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A September of home sales, overseas central banks pausing their rate hikes and Jamie Dimon’s decision to sell his JPMorgan shares. From the wild and wooly world of real estate, here are the hits and misses for the week of Oct. 23-27.

Hit: Score One for Resiliency. Mortgage rates might be creeping up to 8% and housing affordability is the most elusive of commodities, but Americans are still eager to buy homes despite the hurdles in their way. Data this week from the National Association of Realtors found pending home sales up 1.1% from August to September while the U.S. Census Bureau and Department of Housing and Urban Development reported sales of new single‐family houses in September up by 12.3% from August. Of course, this doesn’t mean everything is copacetic on the housing front – but it shows that some buyers are willing to adapt to the new normal in pursuit of their own homes.

Hit: Lessons from Abroad. Earlier this week, the Bank of Canada maintained its key overnight rate at 5%, a 22-year high that was achieved through 10 rate hikes between March 2022 and this July. Across the Atlantic, the European Central Bank left interest rates unchanged at 4%, the first time in more than a year that the pause button was smashed on rate hikes. Hopefully, Federal Reserve Chairman Jerome Powell will take a hint from the example of his foreign counterparts and learn abstain from another hike when the central bank’s policymaking committee gathers next week.

Hit: A Quahog Confusion. Last Sunday, the “Family Guy” animated series poked fun at reverse mortgages with the always-bumbling Peter Griffin signing up for the product after watching a TV commercial featuring Tom Selleck pitching “Hey Alright Reverse Mortgages – or HARM.” Selleck, a longtime celebrity spokesman for American Advisors Group’s reverse mortgages, did not lend his voice to the show’s parody of the product, which has been the subject of confusion and criticism for as long as it has been on the market – back in 2015, I did a news piece for another outlet about televangelist Pat Robertson’s bizarre explanation of reverse mortgages during a “700 Club” segment. Maybe the “Family Guy” romp is a reminder to the reverse mortgage sector that it still needs to do a better job in explaining its product.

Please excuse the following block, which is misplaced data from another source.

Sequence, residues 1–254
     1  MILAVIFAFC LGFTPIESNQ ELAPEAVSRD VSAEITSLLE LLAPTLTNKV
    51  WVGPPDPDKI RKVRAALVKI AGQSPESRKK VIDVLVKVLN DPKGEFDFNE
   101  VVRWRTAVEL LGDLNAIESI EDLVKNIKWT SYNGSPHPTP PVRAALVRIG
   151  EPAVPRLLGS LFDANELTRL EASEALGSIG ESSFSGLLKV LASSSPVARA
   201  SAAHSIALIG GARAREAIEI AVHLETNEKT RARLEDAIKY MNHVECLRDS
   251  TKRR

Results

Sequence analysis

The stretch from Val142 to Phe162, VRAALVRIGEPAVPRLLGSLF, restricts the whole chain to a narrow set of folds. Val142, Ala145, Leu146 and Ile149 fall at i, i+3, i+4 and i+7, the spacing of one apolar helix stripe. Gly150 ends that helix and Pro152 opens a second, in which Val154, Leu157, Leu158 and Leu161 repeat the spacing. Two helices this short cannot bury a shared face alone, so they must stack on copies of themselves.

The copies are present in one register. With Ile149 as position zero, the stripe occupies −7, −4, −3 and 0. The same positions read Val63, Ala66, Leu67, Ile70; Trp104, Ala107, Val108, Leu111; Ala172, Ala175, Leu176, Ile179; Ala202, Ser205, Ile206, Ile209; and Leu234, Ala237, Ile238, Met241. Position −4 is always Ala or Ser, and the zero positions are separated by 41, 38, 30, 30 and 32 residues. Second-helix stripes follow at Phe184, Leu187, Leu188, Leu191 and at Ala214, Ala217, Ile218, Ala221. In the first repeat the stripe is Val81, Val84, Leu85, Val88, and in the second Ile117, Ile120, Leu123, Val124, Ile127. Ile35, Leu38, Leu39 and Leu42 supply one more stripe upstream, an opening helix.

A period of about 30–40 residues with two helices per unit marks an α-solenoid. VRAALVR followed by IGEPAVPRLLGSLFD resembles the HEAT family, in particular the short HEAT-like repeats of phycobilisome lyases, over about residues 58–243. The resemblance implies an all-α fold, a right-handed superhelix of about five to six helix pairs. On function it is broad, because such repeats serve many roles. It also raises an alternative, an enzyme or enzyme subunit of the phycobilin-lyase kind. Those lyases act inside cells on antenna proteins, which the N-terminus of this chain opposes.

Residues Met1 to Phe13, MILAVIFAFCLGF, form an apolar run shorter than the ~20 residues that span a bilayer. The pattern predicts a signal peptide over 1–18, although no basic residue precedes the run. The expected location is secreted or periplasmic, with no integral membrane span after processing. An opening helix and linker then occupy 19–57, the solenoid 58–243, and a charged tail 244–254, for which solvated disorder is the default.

Miss: When Crime Damages Retail. The National Retail Federation’s (NRF) 2023 Retail Security Survey offers a grim picture of how organized retail crime is damaging this sector of the commercial real estate industry. The report found inventory loss, also known as “shrink,” was at an average rate of 1.6% in 2022, which represented $112.1 billion in losses – a 1.4% increase from one year earlier. External theft accounted for the greatest share of shrink – 65% – and the metros most impacted by retail theft in 2022 were Los Angeles, the Oakland-San Francisco region, Houston, New York City and Seattle. And NRF glumly observed, “Daily media reports show that no business is immune, and these issues touch retailers of all segments, sizes and locations across the United States.”

Hit or Miss: A Dimon Sale. Jamie Dimon, the chairman and CEO of JPMorgan Chase, is embarking on a divestiture of his stock ownership in the banking giant that he has led since 2005. The Wall Street Journal reported that Dimon and his family will sell 1 million of their roughly 8.6 million JPMorgan shares, or roughly 12% of their stake in the bank, starting in 2024. According to a filing with the U.S. Securities and Exchange Commission, the Dimon family said their action is rooted in “financial diversification and tax-planning purposes.” As of yesterday’s closing price, the Dimons would gain more than $140 million from their sale. This marks the first time Dimon has ever sold his shares in the bank – whether that’s a good thing or a problem is something that we can’t say. But somehow, I suspect the Dimons will be able to cover their bills going into 2024.

Phil Hall is editor of Weekly Real Estate News. He can be reached at [email protected].

<em>Cover photo of Jamie Dimon courtesy Fortune Live Media / Flick Creative Commons</em>